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Love in the Time of Caller ID

When we’re always in touch but never in reach, can true love blossom?

Not Tonight, Honey continued...

Often when we're absorbed in electronic communications we may be oblivious to how our actions hurt others, O'Neill says. He gives the hypothetical example of a father-and-son outing at a ball game. The father, talking on his cell phone, makes a distracted grab at a foul ball, but misses and goes on with the call as if nothing had happened.

"What could have been a significant bonding moment was derailed by the father's inability to disconnect from technology," O'Neill says.

Real-life examples also abound. Sue Hoogenstraat said that discovering her husband's virtual infidelity was "devastating" and that she felt devalued. Or as a New York Times reader identified as Luca wrote in response to an article about whether BlackBerry use enhances or inhibits family relationships, "We all know how emotionally difficult it is sometimes to switch between roles in a matter of minutes; I can hardly believe the BlackBerry helps in any way to accomplish that. I now carry a cell only when I am with my family; I want to be there and share emotions with them; with the 'berry' I felt like I was always plugged somewhere else somehow."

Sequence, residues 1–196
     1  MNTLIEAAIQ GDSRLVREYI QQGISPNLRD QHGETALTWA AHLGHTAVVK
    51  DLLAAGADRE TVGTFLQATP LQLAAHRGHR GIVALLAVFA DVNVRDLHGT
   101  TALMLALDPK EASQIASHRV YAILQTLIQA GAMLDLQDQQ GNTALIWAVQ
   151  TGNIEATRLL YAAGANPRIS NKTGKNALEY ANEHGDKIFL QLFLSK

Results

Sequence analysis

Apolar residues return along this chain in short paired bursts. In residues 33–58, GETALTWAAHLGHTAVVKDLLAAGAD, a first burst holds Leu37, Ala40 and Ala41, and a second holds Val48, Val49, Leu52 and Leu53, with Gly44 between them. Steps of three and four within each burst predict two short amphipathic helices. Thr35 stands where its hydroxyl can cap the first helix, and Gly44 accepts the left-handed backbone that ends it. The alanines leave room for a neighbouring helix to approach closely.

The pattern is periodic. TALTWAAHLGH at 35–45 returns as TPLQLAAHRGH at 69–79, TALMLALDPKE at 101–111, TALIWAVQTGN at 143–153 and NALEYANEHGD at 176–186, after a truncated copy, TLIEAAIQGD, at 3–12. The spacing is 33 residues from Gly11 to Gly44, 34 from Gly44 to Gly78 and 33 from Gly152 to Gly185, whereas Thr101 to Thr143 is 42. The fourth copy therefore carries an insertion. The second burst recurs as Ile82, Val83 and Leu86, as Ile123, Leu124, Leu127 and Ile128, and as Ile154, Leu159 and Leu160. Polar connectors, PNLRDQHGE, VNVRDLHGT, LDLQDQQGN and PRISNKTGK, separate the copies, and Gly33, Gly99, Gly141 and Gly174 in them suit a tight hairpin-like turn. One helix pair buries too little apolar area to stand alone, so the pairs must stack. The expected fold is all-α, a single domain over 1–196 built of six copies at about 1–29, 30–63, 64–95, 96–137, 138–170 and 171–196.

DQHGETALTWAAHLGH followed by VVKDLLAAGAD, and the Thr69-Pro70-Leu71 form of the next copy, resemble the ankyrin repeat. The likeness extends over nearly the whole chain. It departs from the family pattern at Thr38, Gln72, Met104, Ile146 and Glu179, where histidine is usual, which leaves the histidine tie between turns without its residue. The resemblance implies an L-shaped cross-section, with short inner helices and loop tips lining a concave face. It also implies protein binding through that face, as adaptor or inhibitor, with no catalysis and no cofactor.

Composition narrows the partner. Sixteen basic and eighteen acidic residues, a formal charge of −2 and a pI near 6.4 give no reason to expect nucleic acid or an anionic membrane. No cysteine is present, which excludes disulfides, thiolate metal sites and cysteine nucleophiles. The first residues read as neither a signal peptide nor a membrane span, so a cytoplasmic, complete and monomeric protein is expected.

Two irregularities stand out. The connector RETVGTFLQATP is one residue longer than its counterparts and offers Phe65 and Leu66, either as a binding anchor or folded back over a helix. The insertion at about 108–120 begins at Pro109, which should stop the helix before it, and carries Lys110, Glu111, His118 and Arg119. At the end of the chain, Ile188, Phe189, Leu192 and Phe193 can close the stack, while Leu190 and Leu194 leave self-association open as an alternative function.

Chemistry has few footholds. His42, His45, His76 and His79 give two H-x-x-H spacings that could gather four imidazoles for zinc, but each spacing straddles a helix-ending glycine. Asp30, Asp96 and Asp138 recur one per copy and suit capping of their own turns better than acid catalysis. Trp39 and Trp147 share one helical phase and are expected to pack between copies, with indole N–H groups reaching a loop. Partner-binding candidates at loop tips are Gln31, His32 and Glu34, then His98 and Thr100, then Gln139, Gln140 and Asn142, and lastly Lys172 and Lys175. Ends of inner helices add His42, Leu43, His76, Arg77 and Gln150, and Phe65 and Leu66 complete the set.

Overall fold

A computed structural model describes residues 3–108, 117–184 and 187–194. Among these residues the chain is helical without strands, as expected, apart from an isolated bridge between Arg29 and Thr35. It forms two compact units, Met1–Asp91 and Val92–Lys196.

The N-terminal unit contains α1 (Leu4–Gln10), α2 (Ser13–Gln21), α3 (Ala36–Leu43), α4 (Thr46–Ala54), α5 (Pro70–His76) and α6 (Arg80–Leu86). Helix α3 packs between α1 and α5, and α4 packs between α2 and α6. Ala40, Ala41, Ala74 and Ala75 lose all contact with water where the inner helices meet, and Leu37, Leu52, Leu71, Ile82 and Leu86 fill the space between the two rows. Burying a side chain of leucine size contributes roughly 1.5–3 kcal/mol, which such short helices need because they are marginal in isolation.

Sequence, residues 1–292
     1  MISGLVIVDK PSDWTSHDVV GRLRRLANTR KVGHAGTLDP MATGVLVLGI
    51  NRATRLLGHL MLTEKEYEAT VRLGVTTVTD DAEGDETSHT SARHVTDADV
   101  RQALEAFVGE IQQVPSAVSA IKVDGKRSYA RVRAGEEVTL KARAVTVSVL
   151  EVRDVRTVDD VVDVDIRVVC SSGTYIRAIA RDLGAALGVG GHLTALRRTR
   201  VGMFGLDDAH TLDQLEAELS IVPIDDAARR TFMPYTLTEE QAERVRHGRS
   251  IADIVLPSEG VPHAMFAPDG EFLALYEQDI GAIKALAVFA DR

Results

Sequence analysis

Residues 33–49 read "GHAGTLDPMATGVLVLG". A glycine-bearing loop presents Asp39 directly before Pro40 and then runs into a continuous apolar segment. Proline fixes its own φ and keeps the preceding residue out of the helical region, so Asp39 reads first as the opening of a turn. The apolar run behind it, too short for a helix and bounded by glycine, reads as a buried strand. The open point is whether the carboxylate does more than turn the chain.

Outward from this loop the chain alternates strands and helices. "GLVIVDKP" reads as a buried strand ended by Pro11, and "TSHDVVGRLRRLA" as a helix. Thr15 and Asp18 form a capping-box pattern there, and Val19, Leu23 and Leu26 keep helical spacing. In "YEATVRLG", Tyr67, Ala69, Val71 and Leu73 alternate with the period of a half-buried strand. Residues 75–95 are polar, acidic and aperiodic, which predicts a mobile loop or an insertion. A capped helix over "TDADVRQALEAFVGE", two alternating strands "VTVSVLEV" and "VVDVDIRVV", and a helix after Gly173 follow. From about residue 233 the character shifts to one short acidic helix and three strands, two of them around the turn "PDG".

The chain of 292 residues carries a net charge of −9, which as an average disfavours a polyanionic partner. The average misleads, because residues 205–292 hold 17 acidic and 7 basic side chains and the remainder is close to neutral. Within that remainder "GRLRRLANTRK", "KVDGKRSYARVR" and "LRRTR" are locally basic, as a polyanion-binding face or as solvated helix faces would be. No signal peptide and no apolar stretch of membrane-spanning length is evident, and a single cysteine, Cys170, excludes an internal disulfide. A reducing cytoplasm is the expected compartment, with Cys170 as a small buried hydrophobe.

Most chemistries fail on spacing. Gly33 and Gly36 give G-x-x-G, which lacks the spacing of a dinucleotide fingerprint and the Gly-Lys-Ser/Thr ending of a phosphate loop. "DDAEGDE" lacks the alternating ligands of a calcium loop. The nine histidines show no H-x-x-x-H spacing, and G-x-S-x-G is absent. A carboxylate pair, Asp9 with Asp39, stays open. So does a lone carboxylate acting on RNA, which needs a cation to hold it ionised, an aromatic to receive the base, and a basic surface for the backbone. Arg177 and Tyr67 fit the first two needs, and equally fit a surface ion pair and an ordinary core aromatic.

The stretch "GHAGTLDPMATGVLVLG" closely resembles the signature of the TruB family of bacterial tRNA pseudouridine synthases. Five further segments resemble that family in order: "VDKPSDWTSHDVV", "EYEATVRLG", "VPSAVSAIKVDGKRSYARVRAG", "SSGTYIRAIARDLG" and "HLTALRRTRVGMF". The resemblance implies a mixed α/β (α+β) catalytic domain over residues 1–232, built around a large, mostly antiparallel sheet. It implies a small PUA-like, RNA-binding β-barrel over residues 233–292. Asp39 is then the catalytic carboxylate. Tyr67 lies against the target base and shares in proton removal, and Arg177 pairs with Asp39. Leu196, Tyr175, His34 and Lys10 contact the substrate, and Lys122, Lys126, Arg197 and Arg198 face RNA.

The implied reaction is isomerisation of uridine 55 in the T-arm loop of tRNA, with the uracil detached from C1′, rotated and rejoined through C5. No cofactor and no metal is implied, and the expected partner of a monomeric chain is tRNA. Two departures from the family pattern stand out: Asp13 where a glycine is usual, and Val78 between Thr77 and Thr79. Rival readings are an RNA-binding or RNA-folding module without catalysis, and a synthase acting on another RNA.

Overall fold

That strategy is a sound one, says O'Neill, who acknowledges that throwing out your cell phone is neither realistic nor, in the current age, practical.

"Instead, I think we have to take a step back and say, 'Wait a minute, is this what we really intended technology to do for us? To be this great interrupter? Or did we intend it to be something that benefits us, that allows us to stay connected?'" he says.

O'Neill counsels his patients to develop rules and set limits on their use of technology, pointing out that there's no substitute for personal attention and simple human contact.

"In the end," he says, "we need to be present in both mind and body to build and maintain healthy relationships."

Reviewed on February 04, 2009
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